Picture the scene. You don't want to shell out for a pricey trip to the movies, but you've got your eye on a film that you really want to see. So you fire up the interweb to see if your can find a BitTorrent site to download it. Unfortunately, the basic search engine function is too complicated, so you go to Twitter instead and post a tweet about the film you're looking for. The next thing you know, you receive a reply begging you to think again... from the studio.
That's what happened to a woman known only as Amanda, who thought her tweet would only reach her group of friends. She was looking for the movie Adventureland, only to receive a message from the film's distributor Miramax. It read "Cmon Amanda, don't do it." Which, let's face it, is about the friendliest anti-piracy warning ever. Amanda, surprised by the warm (if scarily specific) nature of this message, replied "Okay, I won't - just for you." The outcome? Miramax got in touch and offered her a free ticket to see the movie.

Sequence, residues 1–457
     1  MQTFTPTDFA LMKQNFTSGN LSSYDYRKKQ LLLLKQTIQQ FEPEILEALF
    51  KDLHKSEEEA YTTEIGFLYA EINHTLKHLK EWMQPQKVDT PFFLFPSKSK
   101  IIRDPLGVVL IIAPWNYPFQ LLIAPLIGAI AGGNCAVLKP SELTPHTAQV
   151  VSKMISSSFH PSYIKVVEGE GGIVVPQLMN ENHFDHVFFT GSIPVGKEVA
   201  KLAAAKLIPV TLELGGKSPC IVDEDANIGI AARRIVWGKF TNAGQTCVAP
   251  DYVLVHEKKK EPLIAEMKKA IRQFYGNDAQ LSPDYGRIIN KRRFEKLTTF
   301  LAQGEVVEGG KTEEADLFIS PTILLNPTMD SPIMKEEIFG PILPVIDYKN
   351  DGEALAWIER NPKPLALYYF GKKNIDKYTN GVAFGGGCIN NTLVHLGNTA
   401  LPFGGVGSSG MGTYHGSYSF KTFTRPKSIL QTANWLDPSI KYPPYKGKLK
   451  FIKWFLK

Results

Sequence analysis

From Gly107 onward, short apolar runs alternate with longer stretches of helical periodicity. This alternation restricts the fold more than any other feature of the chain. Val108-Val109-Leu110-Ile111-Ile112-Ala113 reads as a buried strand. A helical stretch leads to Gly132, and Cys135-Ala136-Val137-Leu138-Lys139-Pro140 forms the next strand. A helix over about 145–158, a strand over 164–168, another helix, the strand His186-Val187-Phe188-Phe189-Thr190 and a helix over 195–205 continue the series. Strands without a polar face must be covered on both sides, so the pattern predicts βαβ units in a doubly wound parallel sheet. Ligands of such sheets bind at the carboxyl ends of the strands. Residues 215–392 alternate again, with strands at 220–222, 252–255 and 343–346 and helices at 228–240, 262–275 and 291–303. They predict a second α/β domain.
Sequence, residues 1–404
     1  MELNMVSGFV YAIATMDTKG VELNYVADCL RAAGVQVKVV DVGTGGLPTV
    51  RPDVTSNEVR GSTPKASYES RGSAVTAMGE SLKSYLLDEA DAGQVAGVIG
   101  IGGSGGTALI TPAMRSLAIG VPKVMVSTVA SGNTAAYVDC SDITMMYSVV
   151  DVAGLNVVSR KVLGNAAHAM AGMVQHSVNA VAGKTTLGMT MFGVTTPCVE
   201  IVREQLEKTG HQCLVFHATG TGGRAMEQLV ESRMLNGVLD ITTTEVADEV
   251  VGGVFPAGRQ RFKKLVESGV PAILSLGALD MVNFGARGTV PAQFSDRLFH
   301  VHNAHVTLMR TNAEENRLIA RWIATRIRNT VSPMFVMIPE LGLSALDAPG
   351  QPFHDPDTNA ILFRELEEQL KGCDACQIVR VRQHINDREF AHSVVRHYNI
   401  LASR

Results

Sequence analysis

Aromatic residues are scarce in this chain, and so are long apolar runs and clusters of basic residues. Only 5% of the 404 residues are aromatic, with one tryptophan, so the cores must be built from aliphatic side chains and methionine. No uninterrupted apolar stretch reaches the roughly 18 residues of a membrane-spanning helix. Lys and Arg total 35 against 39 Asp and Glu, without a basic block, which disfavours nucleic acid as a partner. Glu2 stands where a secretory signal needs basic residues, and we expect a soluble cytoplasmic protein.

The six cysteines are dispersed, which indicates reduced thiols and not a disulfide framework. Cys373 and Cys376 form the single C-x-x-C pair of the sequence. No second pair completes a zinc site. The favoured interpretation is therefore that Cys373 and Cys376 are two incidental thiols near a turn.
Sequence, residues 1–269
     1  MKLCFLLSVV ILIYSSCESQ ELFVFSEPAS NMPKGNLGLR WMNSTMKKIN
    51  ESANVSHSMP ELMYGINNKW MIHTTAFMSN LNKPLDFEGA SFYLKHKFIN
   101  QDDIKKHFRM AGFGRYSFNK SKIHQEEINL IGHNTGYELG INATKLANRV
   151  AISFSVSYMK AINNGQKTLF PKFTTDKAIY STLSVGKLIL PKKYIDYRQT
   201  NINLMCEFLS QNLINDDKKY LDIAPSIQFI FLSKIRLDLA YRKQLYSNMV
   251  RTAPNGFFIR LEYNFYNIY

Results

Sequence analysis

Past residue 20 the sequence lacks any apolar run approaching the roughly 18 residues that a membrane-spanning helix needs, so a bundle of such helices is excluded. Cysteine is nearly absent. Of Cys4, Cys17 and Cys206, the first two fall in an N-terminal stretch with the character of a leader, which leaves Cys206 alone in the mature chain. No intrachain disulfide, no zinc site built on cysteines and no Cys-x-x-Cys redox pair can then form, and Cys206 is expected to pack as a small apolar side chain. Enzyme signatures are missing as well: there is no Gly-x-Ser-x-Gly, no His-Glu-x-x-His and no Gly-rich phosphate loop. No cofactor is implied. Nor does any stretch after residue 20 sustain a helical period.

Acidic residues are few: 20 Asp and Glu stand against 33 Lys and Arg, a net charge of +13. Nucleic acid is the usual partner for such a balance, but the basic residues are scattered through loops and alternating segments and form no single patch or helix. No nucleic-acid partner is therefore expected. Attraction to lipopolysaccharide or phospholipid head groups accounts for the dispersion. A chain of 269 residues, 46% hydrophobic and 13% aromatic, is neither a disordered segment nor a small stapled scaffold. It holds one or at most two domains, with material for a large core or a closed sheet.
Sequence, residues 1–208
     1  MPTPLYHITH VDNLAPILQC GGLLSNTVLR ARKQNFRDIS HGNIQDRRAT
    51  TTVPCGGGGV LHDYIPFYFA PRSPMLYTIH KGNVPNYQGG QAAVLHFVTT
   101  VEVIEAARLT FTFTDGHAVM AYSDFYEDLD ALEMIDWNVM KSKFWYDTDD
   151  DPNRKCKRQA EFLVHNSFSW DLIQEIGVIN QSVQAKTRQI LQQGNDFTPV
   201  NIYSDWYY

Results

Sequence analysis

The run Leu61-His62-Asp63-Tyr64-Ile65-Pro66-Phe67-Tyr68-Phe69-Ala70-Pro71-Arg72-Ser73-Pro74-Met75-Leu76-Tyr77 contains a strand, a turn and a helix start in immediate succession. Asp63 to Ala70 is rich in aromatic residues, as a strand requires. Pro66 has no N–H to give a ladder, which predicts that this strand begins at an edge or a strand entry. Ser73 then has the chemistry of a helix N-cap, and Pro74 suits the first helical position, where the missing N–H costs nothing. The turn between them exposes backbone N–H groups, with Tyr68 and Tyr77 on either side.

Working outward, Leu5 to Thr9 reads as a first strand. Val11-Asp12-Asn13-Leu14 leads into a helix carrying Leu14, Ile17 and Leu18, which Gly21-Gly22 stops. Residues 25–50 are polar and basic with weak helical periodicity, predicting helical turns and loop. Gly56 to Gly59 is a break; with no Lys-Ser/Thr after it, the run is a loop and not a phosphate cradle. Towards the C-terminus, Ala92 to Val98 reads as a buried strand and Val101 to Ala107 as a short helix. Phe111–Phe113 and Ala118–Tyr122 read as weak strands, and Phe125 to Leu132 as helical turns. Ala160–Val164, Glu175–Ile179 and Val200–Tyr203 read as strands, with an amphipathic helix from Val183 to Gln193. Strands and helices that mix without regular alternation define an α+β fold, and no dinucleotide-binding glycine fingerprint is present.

I've written about big companies' approach to piracy before, and how clueless they can be. Here's a nice example of one that gets it right. Instead of treating Amanda like a threat to national security, they gave her a friendly warning and then actually rewarded her for her change of heart. But I'm still creeped out by the fact that big companies seem to pay people to sit watching Twitter (and I imagine all the other social networking sites) looking for chatter about potential piracy. So goodbye personal freedoms, and hello to the occasional free movie ticket.